'Cliff' Avoided but Trifecta of Fiscal Debates Looms
The "fiscal cliff" has been avoided after last minute negotiations between the White House and Congress. President Obama is expected to sign the bill that House members approved late Tuesday night.
Details of the bill are:
The Bush-Era tax cuts will be extended for 98% of Americans.
Income taxes will rise from 35% to 39.6% for individuals making $400,000 a year or $450,000 for households.
Middle class Americans will be immune to the paying the Alternative Minimum Tax.
Long-term unemployment benefits will be extended for 2 million Americans for another year.
While the "cliff" has been avoided for now, the budget fight will resume in a few weeks over details that were excluded from the New Year's negotiations.
"We are going to be having a fight in a lot worse way in three months," says Ben White, chief economic correspondent for Politico. "We have not only the debt ceiling coming up but we'll have the expiration of the punt that they pulled off on the sequester…. And in March we have the expiration the continuing resolution funding the government."
Left in Limbo and Up for Further Debate:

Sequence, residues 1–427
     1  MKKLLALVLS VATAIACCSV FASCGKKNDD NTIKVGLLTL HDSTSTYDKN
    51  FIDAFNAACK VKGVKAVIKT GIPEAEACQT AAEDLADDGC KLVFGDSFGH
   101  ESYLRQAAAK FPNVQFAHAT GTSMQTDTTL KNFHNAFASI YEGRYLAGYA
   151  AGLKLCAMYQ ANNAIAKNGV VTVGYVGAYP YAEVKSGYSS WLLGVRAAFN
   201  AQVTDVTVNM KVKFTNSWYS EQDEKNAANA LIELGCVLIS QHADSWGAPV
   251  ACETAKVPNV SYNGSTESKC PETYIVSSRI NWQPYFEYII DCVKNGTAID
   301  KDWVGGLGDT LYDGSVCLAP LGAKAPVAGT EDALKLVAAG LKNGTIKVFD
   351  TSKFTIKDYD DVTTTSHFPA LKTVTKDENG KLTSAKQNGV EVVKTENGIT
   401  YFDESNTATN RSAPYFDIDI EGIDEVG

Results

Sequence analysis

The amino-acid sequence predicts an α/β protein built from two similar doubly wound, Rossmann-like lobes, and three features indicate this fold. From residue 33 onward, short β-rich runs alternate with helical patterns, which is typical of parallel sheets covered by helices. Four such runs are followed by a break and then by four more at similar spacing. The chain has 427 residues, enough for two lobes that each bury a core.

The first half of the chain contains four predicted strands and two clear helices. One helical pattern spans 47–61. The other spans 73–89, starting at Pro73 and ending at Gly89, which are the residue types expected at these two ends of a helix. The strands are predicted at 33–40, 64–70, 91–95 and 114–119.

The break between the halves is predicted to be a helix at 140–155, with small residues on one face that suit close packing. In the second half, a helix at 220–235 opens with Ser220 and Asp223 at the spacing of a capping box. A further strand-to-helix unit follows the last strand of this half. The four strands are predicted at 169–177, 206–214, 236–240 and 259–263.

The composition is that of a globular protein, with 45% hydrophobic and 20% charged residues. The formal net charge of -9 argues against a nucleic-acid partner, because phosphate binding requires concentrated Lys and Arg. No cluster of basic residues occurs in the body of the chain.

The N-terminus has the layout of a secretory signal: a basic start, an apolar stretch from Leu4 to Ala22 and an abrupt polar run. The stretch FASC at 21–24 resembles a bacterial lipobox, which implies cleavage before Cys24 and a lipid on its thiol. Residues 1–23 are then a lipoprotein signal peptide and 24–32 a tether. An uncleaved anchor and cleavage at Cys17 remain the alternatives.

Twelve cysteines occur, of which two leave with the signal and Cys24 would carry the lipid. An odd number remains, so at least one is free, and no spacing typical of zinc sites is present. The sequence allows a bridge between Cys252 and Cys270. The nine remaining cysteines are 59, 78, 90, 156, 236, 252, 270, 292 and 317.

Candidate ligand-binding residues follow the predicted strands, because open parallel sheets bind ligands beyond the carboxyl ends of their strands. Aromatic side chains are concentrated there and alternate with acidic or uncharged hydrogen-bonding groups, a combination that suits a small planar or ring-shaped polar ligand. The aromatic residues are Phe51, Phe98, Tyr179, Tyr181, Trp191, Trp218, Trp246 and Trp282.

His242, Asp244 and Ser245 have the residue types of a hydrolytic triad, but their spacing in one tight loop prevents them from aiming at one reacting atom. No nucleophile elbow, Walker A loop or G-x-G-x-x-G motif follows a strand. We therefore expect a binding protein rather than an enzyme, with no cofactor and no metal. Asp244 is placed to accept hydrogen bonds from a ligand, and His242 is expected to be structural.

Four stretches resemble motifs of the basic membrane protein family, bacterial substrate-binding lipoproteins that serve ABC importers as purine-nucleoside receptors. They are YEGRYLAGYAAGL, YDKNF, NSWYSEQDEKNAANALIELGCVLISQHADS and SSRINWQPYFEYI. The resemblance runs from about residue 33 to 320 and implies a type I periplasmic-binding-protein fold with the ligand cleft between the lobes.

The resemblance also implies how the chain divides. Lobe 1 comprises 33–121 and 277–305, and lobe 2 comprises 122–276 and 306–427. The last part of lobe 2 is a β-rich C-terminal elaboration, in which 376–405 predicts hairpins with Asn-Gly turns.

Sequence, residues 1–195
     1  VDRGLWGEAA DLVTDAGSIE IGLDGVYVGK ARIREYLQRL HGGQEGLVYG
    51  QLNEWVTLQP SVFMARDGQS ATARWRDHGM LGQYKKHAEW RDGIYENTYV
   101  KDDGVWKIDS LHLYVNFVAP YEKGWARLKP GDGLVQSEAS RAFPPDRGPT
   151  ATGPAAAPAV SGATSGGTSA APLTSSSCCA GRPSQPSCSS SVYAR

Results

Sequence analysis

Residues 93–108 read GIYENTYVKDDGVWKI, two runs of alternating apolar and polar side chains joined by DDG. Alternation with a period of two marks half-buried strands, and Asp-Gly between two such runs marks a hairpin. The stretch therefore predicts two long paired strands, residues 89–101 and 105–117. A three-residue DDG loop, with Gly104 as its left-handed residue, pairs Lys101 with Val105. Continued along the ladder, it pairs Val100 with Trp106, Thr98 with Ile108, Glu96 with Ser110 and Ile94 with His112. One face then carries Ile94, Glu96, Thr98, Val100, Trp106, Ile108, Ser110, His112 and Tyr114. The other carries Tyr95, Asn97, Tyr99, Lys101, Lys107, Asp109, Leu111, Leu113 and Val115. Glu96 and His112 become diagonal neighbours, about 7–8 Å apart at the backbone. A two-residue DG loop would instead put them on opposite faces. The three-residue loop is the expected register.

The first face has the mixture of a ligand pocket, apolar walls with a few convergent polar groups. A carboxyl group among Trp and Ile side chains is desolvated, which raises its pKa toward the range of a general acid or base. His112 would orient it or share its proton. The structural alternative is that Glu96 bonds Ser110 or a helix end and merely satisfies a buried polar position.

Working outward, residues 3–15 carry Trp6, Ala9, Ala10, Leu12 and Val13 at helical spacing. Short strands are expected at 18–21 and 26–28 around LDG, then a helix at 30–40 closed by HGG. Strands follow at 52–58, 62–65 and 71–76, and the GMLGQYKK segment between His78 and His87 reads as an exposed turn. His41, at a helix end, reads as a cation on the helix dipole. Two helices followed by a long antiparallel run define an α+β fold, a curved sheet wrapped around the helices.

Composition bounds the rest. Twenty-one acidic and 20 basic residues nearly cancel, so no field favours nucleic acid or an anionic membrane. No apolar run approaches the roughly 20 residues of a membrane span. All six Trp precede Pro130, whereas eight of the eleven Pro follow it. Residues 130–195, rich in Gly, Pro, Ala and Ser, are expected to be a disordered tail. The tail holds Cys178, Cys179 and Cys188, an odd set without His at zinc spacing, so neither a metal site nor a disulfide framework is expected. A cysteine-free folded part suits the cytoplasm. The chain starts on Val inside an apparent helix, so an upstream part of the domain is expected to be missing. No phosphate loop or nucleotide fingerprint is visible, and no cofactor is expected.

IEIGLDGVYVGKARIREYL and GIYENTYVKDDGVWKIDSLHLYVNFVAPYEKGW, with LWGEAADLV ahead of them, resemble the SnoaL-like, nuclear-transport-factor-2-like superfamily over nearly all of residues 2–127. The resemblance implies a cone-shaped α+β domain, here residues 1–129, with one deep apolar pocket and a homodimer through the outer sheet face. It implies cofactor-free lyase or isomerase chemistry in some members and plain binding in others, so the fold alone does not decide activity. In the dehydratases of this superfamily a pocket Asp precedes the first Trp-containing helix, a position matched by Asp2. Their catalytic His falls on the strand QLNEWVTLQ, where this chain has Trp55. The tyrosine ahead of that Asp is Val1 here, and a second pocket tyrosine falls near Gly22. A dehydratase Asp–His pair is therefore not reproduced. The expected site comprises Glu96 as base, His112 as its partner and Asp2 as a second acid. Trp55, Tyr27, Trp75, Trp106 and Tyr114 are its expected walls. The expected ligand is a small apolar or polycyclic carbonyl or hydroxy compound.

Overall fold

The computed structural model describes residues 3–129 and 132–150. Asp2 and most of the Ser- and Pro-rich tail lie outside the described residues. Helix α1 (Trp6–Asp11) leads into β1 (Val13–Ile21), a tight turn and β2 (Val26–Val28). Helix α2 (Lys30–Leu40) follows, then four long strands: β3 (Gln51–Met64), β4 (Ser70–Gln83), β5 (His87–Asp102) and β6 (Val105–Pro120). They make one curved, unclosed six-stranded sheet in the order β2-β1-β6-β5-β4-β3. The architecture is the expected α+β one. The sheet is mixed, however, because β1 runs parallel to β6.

The Debt Ceiling: The U.S. officially hit its $16.4 trillion debt ceiling Monday, according to the U.S. Treasury Department. Treasury Secretary Timothy Geithner issued a letter to Congress saying he has started a "debt issuance suspension period" through the end of February, which means Treasury will undergo "extraordinary measures" to prevent hitting the debt limit until then. In 2011, the debate to raise America's borrowing limit caused the country to loose its top credit rating by ratings agency Standard & Poor's.
The Sequester: The fiscal deal postponed the $110 billion in spending cuts to domestic and military programs for two months. Under the sequester, many federal agencies' budgets would be cut by 8%-10%.
Continuing Budget Resolution: It has been years since the government has passed a bill on time and in a normal fashion. Instead, Congress has passed a series of continuing resolutions to keep the government funded and open for business. The current budget resolution is set to expire at the end of March.
According to the Congressional Budget Office, the deal will add $4 trillion to the deficit over the next 10 years.